expectation
Pronunciation
  • (British, America) IPA: /ɛkspɛkˈteɪʃən/
Noun

expectation

  1. The act or state of expecting or looking forward to an event as about to happen.
    • 1907, Robert William Chambers, chapter IX, in The Younger Set, New York, N.Y.: D. Appleton & Company, OCLC 24962326 ↗:
      “A tight little craft,” was Austin’s invariable comment on the matron; […]. ¶ Near her wandered her husband, orientally bland, invariably affable, and from time to time squinting sideways, as usual, in the ever-renewed expectation that he might catch a glimpse of his stiff, retroussé moustache.
  2. That which is expected or looked for.
  3. The prospect of the future; grounds upon which something excellent is expected to occur; prospect of anything good to come, especially of property or rank.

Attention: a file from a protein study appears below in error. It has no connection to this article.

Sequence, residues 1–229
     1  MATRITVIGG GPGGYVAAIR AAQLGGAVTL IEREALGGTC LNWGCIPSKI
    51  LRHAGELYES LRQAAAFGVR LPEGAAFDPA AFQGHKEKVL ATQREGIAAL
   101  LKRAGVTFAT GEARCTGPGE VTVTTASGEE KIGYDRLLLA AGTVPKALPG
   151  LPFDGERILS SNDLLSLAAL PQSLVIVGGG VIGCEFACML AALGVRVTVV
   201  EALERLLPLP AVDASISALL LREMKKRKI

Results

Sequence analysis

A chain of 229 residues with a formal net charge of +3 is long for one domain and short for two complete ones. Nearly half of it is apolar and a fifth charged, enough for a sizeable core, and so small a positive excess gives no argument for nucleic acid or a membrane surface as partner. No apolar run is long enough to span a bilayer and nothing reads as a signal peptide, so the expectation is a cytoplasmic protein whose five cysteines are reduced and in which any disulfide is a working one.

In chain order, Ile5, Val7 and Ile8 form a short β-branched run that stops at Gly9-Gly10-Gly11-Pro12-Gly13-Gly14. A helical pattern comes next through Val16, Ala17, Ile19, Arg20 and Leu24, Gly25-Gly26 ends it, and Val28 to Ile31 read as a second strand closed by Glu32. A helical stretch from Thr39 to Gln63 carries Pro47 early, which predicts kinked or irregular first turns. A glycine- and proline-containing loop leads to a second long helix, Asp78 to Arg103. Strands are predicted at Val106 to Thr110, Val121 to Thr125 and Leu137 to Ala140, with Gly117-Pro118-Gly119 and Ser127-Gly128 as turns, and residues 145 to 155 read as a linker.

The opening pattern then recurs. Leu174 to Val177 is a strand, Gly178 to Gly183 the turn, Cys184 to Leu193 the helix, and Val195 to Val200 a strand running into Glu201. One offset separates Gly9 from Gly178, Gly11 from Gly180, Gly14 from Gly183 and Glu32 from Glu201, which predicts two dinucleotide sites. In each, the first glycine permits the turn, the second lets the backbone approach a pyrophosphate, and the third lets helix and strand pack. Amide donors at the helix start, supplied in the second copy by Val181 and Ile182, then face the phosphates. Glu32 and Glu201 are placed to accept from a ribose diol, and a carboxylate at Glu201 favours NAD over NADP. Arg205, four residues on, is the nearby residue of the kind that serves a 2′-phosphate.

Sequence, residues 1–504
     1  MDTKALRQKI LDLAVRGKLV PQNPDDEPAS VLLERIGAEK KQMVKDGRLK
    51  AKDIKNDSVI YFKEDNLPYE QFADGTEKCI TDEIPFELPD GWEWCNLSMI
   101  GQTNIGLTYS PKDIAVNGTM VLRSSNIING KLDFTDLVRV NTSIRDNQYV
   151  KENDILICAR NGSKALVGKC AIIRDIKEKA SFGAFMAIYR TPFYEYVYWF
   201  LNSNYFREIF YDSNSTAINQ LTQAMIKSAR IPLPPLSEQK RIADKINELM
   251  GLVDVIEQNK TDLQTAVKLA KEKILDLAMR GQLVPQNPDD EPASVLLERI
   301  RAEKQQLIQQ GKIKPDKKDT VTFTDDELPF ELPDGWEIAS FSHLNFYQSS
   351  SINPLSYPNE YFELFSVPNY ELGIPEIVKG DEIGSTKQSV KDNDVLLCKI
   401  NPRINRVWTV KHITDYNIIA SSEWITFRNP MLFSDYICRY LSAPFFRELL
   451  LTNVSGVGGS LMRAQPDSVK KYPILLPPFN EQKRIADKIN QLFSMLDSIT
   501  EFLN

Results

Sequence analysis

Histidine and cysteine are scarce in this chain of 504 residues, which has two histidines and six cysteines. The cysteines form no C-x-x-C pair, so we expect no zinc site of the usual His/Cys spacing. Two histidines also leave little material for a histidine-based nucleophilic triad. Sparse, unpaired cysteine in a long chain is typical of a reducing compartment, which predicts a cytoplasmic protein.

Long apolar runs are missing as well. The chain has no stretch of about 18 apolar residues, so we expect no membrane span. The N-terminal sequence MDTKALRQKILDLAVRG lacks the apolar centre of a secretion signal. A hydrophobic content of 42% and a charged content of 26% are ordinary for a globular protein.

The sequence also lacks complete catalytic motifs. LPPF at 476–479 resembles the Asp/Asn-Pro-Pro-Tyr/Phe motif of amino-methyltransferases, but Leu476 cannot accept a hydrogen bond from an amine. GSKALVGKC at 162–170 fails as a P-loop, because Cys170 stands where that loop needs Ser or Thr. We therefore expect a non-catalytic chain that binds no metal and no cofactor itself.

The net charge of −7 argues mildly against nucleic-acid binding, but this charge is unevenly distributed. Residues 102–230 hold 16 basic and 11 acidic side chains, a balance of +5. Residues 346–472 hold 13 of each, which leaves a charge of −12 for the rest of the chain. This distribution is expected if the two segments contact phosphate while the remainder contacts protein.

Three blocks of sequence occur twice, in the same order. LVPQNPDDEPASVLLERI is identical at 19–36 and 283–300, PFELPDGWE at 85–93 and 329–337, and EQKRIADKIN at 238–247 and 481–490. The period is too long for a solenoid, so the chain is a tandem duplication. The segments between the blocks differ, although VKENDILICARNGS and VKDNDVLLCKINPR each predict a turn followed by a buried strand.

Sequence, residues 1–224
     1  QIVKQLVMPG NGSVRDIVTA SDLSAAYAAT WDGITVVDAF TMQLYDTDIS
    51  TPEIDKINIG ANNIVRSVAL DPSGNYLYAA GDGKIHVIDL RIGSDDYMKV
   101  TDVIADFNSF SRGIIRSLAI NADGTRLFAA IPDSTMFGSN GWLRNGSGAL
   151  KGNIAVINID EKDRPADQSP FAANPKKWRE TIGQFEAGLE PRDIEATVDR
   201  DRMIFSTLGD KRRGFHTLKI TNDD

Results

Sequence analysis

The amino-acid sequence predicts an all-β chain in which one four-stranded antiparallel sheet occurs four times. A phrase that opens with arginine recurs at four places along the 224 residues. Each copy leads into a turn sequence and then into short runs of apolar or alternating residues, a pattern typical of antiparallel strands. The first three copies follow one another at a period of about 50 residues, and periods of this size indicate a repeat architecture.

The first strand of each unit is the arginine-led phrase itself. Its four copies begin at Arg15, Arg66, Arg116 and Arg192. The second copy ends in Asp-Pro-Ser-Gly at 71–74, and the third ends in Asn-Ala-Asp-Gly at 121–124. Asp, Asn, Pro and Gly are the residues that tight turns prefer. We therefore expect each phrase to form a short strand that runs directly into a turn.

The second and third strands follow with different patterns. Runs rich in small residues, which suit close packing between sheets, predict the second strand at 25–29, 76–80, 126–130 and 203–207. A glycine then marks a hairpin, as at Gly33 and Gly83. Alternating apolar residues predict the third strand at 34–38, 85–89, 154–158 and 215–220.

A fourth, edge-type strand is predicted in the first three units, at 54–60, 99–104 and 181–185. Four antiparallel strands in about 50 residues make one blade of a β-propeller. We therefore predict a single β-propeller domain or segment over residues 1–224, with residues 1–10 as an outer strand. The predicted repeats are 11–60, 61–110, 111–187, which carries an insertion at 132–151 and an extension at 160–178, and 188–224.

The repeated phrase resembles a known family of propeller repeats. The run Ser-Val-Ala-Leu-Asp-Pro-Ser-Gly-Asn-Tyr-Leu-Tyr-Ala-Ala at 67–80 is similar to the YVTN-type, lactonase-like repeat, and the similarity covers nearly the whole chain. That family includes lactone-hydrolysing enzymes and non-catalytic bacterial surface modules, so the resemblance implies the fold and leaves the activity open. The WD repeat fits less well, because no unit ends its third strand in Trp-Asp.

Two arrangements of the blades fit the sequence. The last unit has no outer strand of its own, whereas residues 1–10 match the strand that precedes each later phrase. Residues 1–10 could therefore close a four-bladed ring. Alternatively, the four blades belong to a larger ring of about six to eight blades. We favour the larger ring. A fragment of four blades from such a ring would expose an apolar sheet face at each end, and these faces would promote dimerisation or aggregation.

• 1816, Jane Austen, Emma, Vol.1 Ch.7:
      Emma was not sorry to be pressed. She read, and was surprized. The style of the letter was much above her expectation. There were not merely no grammatical errors, but as a composition it would not have disgraced a gentleman; the language, though plain, was strong and unaffected, and the sentiments it conveyed very much to the credit of the writer. It was short, but expressed good sense, warm attachment, liberality, propriety, even delicacy of feeling. She paused over it, while Harriet stood anxiously watching for her opinion, with a "Well, well," and was at last forced to add, "Is it a good letter? or is it too short?"
  4. The value of any chance (as the prospect of prize or property) which depends upon some contingent event.
  5. (statistics) The first moment; the long-run average value of a variable over many independent repetitions of an experiment.
  6. (colloquial statistics) The arithmetic mean.
  7. (medicine, rare) The leaving of a disease principally to the efforts of nature to effect a cure.
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